5. Prepare your laundry room before you go! And no, I am not advocating a return to a 1940s life of housewife drudgery. It's just that if there is any possibility you might return with a large-ish quantity of vintage textiles (OK, let's get real and just say "when" you return overloaded with purchases), I always recommend laundering all garments and textiles immediately you get them home for hygiene reasons.
This is simply NOT going to happen if you have several basket loads of laundry already queueing to get into the machine.
So have your colour run catcher sheets and old pillowcases (to hold delicates) to the ready and never wash above 30C. Line drying is preferable where practical.
Even if your intended stitchery project is a way off, wash and dry thoroughly before storing. Clean clothing and textiles are far less tasty for those dreaded moths.
Bonus tips for vintage ready to wear
For those of you who aren't yet ready to upcycle, here are a couple of bonus tips for adding to your pret-a-vintage wardrobe:
6. Leave the lacy bra and skimpy drawers at home and wear a close fitting Tee or crop top and leggings (or big pants) so that if you do need to try a garment on in a quiet corner of a bustling trading hall or scant changing cubicle, you'll spare your own and everyone else's blushes.
7. Ignore size labels and measure garments with the tape measure you remembered to bring, right? Remember, a 50s or 60s size 16 is generally closer to a modern size 12. Be sure to know your own measurements and remember to allow approx. 2"/5cm to each measurement for wearing ease. We don't want any ripped seams when you bend over!
Garments can be quickly cinched in with belts. But letting them out is a more major endeavour so be sure you will be able to manage it as alterations can be costly.
Stick to cottons and washable fabrics where possible. Dry cleaning is an extra cost and some firms simply won't touch vintage items without care labels! Or they will at a price.
Been there, worn the vintage T shirt
I have been vintage shopping and stitching since the 70s (yes, I really am that old!) and always love sharing what I have learned (including mistakes and disasters) over that time. You might be wondering WHERE I go shopping. Keep watching for my upcoming post on my favourite vintage shopping destinations.
And I would love to hear your vintage shopping tips or your all time best ever vintage finds ....
Wednesday, 13 July 2016
Rather belated apology for lack of posts over the last couple of months, but we are in the process of moving house, so it's not just David Cameron leaving Downing Street! Even though we haven't exchanged contracts yet, I decided it was time last week to pack away all my vintage textiles. I took it as a chance to have a real sort out, and of course rediscovered lots of treasures I had forgotten about! I have taken about 6 bin bags of "good" vintage items to the vintage charity shop, and also donated a couple more bin bags of "ordinary" gear to other shops. DH has made several sorties the the local refuse depot.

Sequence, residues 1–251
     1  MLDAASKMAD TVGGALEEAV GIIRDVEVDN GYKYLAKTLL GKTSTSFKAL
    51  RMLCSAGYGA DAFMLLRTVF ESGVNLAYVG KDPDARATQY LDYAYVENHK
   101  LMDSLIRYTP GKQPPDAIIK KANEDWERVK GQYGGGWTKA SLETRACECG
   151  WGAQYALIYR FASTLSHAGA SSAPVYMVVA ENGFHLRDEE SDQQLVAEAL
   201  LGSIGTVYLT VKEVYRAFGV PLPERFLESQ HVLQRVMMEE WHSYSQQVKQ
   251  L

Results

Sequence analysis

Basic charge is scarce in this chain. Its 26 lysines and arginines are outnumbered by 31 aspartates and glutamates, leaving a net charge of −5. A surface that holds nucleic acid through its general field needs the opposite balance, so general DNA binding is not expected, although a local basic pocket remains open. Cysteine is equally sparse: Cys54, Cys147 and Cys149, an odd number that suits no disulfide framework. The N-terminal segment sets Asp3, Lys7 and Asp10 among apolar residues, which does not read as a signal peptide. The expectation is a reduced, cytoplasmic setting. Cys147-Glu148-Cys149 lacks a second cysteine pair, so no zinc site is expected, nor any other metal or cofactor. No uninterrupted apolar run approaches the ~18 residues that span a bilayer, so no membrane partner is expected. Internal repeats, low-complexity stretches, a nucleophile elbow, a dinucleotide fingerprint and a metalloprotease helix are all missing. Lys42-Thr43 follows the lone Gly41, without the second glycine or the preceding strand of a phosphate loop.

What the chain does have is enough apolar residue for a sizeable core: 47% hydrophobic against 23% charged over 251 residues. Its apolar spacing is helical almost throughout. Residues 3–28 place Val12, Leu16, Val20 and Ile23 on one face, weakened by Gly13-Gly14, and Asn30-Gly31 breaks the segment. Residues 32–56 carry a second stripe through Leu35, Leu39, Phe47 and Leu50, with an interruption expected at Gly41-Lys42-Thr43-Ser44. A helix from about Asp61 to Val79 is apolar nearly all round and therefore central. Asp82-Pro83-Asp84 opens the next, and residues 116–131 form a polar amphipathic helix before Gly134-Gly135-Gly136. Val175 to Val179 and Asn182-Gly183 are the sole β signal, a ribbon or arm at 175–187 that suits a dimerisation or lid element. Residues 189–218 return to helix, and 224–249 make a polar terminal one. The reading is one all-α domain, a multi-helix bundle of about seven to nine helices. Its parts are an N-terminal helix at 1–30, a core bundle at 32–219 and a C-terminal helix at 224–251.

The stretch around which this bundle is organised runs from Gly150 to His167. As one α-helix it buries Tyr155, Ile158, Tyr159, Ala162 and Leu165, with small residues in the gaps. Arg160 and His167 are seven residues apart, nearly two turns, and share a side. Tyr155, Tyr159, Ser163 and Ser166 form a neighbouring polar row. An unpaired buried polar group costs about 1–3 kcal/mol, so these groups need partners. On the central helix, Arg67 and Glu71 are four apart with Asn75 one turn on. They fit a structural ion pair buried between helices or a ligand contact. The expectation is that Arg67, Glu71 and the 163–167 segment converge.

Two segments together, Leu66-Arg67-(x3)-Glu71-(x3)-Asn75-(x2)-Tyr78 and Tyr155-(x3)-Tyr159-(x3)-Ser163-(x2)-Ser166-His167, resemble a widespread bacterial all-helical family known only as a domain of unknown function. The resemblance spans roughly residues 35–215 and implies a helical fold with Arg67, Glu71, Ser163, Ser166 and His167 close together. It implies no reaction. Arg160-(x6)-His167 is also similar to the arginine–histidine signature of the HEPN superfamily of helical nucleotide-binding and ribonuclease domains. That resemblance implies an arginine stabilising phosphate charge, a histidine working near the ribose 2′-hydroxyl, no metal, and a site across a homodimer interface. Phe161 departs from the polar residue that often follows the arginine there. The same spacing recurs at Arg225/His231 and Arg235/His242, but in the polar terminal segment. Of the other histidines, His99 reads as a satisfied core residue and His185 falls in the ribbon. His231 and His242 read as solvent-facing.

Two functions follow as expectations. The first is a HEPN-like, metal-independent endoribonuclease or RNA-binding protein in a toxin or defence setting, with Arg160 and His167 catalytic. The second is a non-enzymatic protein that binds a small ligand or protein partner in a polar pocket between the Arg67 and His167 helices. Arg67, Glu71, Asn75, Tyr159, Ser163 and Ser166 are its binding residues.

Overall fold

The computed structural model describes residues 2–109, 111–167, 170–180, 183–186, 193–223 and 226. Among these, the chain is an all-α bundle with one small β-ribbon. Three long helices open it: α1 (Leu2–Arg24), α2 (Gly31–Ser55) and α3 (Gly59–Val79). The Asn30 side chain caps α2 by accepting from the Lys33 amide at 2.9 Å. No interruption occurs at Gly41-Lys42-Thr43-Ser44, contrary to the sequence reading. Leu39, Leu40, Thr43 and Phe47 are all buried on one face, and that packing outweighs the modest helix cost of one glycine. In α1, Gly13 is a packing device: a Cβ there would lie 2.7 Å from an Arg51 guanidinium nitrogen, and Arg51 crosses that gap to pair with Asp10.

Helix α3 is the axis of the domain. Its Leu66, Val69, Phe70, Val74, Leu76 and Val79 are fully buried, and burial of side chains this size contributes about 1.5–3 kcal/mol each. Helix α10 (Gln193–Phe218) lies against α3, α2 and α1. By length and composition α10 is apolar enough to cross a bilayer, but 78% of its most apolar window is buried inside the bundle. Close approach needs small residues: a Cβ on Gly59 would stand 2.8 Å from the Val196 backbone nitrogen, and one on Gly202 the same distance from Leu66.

This exquisite Edwardian blousette, made from the finest cotton muslin and decorated with handworked lace and tiny green glass beads, was a recent find.
Look below and you will see the teensy tiny handstitched tucks on the front - such fine work.
I did wonder whether I was tempting fate but decided I needed the declutter whatever! I bit the bullet and boxed up all my vintage books, deciding that if I get stuck for something to read, there are several archive boxes full of vintage sewing magazines which I can turn to!
I was chuckling as I read about the packing supplies which the Camerons had ordered for their move out of Downing Street - 330 boxes, 30 wardrobe boxes, 30 rolls of tape - makes us look positively the lightest travellers of the "wherever I lay my hat" ilk! (maybe not?)
Watch this space! xx
Monday, 30 May 2016
|Vintage Scarf Kimono|
As you know, I love sewing garments with vintage scarves. Wanted to share photos of a kimono robe I made a few years back now (I made it for my entry into a sewing contest). I used some beautiful vintage scarves, silk & acetate satin, and created an obi sash with bias piping ties. I really must make some more of these now that I have my lovely overlocker!
Monday, 18 April 2016
Another UFO was this vintage scarf bikini. I only had to handstitch a tiny ribbon strap, goodness knows why that tiny task took me so long! Anyway, here it is. Apologies I am not modelling this but I doubt if the pants would even fit up to my knees!!! The bra is based on the 1930s hankie bras and the pants are made to a 1950s bikini pattern.
More detail on making your own scarf bikini in my earlier blog post